unit and acceptance testing, automation, productivity

Keep Your Bench Clean

Last week the grand finale of MasterChef Australia went on air. Don't worry, hasn't been hacked and turned into a kitchen blog. We are not going to talk about delicious food, unfortunately some of you might think, but of something Heston Blumenthal said to one of the finalist, Georgia:

If you are not careful you're gonna end up be so cluttered that in the end you'll get caught up.

Spoiler alert, Georgia didn't win the MasterChef.

Earlier on in the season Anna Poloyviou said something similar during her pressure test challenge to a contestant, Fiona, when explaining why she should clean her bench:

It's not for me is for you because it will affect your end product.

Fiona then justified herself like this:

Of course my bench is a mess but I don't really have time to clean, I need to assemble the cake.

Fiona lost the challenge and went home.

A messy codebase is like a dirty bench

The keep your bench clean rule is as valid in the kitchen as it is when making software. If your codebase and you workstation are messy and cluttered being productive is going to be haarder and harder. You will need to spend time browsing through folders, deciphering unreadable code, scrolling through files full of commented code and unused methods. Your productivity is inversely proportional to, among other things, the clutter of your codebase and machine.

But how to keep our benches and workspaces clean? The answer is made up of little small habits. Here's some.

Remove unused code when you find it

Unused code slows you down. Keeping unused code does to your project the same thing never throwing away anything does to your house, it makes it a messy place. As soon as you notice unused or unneeded code you should delete it. This is sometimes referred to as the boy scout rule, "Always leave the campground cleaner than you found it." If you find a mess on the ground, you clean it up regardless of who might have made the mess. Notice how this rule works for unused code, but extends easily to messy code. When you remove unused code or clean messy methods and classes you should commit this edit in its own dedicated commit, which brings us to the next tip.

Make small atomic commits

An atomic commit is a commit that does one single thing. We already talked about the value of small atomic commits. Small atomic commits tell the story of the codebase in a clear sequential way, they are easy to follow, and more importantly easy to revert.

Never commit commented code

Like unused code, commented code is a smell in your codebase, it clutters your files for no reason. "But I might need it later!" some developer say. First of all, that turns out be true not so often, and apart from that git remembers everything. We just touched on how useful small atomic commits are, and this is yet another proof of that. Instead of commenting code, delete it in a single commit, give it a clear title and explain why you deleted it in the message. If you really feel like you will need to look at this code again tag the commit, or write its SHA somewhere.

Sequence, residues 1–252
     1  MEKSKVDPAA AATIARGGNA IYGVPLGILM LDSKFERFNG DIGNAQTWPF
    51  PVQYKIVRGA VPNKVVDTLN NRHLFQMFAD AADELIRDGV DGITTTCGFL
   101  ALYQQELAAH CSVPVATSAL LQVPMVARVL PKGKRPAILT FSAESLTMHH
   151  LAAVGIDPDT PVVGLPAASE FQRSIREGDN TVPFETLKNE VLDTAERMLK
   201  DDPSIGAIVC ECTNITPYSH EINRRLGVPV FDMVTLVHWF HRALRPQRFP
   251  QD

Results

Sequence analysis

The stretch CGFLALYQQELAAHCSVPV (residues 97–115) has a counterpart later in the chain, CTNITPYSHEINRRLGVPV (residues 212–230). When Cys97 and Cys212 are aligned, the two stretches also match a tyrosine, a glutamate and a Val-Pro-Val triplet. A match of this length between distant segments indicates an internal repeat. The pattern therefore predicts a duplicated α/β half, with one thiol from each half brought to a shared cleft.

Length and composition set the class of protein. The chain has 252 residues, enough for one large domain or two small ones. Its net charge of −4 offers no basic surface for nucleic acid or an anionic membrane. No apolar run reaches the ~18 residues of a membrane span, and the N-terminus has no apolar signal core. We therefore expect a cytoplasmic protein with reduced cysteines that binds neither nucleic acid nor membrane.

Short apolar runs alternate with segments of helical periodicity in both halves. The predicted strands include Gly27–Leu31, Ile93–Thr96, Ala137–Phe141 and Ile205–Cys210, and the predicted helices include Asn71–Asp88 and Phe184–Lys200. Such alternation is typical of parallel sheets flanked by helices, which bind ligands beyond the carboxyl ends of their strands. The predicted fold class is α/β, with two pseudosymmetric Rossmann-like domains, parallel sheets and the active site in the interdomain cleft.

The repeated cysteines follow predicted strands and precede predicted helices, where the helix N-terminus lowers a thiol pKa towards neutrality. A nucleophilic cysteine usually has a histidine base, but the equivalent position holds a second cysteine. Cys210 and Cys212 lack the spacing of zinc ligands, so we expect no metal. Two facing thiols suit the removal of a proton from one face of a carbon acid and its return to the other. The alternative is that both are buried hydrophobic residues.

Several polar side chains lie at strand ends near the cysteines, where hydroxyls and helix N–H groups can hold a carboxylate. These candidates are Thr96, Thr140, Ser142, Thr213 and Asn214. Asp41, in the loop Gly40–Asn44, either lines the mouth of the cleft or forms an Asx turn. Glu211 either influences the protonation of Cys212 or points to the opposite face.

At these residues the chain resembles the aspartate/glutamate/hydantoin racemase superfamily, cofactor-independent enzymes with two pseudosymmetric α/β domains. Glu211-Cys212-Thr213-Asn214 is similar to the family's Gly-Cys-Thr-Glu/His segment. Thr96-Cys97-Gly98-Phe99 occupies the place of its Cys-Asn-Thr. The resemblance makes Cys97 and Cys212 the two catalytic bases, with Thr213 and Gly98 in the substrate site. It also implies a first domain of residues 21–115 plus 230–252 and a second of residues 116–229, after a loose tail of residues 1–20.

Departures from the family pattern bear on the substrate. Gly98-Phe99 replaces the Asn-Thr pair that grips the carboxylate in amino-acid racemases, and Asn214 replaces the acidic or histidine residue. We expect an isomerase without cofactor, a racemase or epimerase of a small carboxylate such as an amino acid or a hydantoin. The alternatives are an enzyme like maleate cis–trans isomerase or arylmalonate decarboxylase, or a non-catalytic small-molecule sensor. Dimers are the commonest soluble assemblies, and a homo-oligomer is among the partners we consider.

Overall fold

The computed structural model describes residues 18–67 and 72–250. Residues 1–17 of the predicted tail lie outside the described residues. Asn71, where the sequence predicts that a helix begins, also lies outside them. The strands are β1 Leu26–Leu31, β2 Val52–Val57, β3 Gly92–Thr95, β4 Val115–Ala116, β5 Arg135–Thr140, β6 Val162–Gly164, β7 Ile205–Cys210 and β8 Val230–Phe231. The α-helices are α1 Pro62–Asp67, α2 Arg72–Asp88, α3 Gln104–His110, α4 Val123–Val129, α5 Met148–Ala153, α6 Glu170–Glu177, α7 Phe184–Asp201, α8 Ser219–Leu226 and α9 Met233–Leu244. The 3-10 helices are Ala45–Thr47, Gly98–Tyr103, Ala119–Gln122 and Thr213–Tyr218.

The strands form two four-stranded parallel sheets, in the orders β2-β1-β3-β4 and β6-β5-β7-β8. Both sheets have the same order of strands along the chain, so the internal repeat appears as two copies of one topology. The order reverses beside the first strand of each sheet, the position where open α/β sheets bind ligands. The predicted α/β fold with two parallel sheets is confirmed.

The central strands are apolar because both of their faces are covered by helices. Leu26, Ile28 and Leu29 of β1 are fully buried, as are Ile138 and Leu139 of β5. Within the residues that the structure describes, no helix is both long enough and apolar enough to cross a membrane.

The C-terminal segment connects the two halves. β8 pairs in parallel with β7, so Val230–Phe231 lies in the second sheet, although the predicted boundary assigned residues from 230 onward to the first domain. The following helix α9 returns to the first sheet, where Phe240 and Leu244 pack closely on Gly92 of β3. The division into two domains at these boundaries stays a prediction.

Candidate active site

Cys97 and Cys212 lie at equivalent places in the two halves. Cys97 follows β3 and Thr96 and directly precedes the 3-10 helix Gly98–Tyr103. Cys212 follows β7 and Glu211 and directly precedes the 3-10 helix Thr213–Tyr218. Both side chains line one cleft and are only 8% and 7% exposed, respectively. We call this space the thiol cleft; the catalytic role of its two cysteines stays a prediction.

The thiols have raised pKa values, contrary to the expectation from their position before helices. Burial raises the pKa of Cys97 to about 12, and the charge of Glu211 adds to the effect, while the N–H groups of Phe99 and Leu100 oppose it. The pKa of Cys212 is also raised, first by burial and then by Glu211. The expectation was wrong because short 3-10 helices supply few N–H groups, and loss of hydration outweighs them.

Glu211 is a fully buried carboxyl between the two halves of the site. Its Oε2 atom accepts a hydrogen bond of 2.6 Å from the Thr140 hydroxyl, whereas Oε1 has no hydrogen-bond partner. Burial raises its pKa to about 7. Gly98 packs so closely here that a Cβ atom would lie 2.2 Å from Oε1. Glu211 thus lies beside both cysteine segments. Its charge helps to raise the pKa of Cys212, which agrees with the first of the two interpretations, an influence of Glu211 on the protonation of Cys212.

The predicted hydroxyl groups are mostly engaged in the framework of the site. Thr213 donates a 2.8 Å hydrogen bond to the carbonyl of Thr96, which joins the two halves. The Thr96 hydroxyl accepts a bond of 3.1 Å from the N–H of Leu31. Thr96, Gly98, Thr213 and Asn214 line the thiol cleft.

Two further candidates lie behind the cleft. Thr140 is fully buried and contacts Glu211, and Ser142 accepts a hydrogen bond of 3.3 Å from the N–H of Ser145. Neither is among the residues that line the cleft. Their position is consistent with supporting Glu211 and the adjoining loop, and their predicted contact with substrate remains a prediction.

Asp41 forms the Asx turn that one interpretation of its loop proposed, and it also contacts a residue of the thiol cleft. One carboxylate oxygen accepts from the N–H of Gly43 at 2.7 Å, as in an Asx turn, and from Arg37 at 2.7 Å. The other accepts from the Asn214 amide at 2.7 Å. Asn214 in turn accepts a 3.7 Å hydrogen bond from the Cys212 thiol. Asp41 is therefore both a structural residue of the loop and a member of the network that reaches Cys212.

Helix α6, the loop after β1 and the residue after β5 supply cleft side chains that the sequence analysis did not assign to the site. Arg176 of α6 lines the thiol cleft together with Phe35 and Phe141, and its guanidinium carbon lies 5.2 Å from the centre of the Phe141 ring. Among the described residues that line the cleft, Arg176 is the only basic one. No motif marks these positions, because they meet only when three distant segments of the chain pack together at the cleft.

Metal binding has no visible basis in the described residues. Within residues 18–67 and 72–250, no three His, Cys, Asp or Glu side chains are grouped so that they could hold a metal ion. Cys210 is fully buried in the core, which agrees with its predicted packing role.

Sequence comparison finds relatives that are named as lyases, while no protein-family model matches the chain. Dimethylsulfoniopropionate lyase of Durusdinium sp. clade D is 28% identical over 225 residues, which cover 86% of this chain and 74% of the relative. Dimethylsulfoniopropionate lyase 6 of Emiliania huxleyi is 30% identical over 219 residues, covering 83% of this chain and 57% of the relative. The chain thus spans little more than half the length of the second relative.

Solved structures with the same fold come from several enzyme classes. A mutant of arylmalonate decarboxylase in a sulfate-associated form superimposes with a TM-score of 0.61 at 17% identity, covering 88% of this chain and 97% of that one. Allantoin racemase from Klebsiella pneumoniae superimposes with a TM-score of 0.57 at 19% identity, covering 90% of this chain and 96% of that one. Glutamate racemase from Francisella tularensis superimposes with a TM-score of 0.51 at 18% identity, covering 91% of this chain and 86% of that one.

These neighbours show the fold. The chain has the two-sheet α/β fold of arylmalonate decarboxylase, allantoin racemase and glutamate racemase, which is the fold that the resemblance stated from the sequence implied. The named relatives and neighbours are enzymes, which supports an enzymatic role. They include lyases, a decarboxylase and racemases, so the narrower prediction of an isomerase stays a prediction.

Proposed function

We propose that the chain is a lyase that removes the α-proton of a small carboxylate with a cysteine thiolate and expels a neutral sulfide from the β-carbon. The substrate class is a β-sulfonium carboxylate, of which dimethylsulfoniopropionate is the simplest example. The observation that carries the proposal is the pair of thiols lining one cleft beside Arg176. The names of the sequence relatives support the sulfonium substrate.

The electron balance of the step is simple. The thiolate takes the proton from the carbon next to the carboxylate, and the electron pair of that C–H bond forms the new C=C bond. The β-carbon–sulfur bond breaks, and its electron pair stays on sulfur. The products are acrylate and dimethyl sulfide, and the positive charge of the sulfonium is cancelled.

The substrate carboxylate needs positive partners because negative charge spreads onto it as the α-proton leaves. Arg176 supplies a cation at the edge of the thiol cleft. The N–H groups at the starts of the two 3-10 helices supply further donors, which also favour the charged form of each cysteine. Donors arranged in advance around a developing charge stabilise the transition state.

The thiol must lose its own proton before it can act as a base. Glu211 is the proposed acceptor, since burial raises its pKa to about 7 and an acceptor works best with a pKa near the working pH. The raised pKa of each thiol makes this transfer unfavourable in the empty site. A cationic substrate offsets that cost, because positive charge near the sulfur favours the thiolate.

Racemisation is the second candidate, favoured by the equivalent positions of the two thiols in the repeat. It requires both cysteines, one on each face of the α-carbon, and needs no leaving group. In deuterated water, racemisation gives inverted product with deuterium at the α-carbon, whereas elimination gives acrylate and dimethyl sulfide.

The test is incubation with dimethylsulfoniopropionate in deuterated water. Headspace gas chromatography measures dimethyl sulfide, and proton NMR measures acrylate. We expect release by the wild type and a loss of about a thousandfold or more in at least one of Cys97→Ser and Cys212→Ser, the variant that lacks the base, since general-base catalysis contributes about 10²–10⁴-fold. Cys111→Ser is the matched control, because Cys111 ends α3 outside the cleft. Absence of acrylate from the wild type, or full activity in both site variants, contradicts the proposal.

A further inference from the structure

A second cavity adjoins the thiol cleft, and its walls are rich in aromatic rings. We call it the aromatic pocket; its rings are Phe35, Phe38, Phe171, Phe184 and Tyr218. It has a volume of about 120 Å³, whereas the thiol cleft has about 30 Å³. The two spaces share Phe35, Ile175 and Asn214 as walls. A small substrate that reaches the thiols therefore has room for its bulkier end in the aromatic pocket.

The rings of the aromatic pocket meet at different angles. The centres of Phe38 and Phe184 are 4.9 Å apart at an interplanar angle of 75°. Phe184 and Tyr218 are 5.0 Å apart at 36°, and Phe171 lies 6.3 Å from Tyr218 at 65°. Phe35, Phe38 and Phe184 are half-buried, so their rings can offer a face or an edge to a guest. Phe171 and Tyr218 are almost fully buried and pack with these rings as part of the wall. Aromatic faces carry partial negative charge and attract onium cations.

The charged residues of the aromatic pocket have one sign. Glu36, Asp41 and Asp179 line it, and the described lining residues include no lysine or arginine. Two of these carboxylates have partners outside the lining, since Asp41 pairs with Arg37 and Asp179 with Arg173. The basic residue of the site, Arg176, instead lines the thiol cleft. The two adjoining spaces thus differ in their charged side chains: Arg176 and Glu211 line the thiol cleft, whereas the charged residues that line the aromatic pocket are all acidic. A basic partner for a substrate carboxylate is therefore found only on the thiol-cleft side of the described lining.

Keep your classes and methods short

In the Ruby world good developers tend to write very short methods. Sandi Metz defined a set of rules around this best practice, the first two say that a class cannot have more than 100 lines, and a method no more than 5.

It is not necessary to go as far as the rubyist, but by writing small classes, methods and functions that do one single thing we can make the code easier to reason about and maintain. Writing code will become easier because of the smaller scope, and goes for reading it, with less things to keep in your brain at the same time.

Use a style guide

Having the code follow a style guide makes it easier to both write and read. Developers don't have to think about things like where to put braces, or how many newlines should be used to separate blocks of code. All the code will look the same, and the reader's brain will be able to focus on what matters, what the code does, without having to than deciphering its structure.

The list could go on, but in my opinion these are the most simple yet effective ways to keep your codebase clean.

Each of the practices listed above is simple and not hard to apply, so my best suggestion is to pick one, and try to stick with it for at least a week. Consistency is important here. The same way if you spend 10 minutes every day cleaning you house you will hardly ever have to do a big clean, if you remove old and commented code, make changes in little atomic commits, keep your methods and classes short, you rarely will have to stop and spend days cleaning up the codebase. There is much to gain for such a little investment, you work smoothly, get stuff done quick, and will not need to explain you manager or clients that you need to day to sort out the code because it has became too messy.

If you want to share your best practices to keep the codebase clean hit me up on Twitter @mokagio, or leave a comment below. And if you need help refactoring a messy codebase or want a deeper look at how to use tools like git to work in a cleaner way, get in touch, I'm always happy to help.

Leave the codebase better than you found it.

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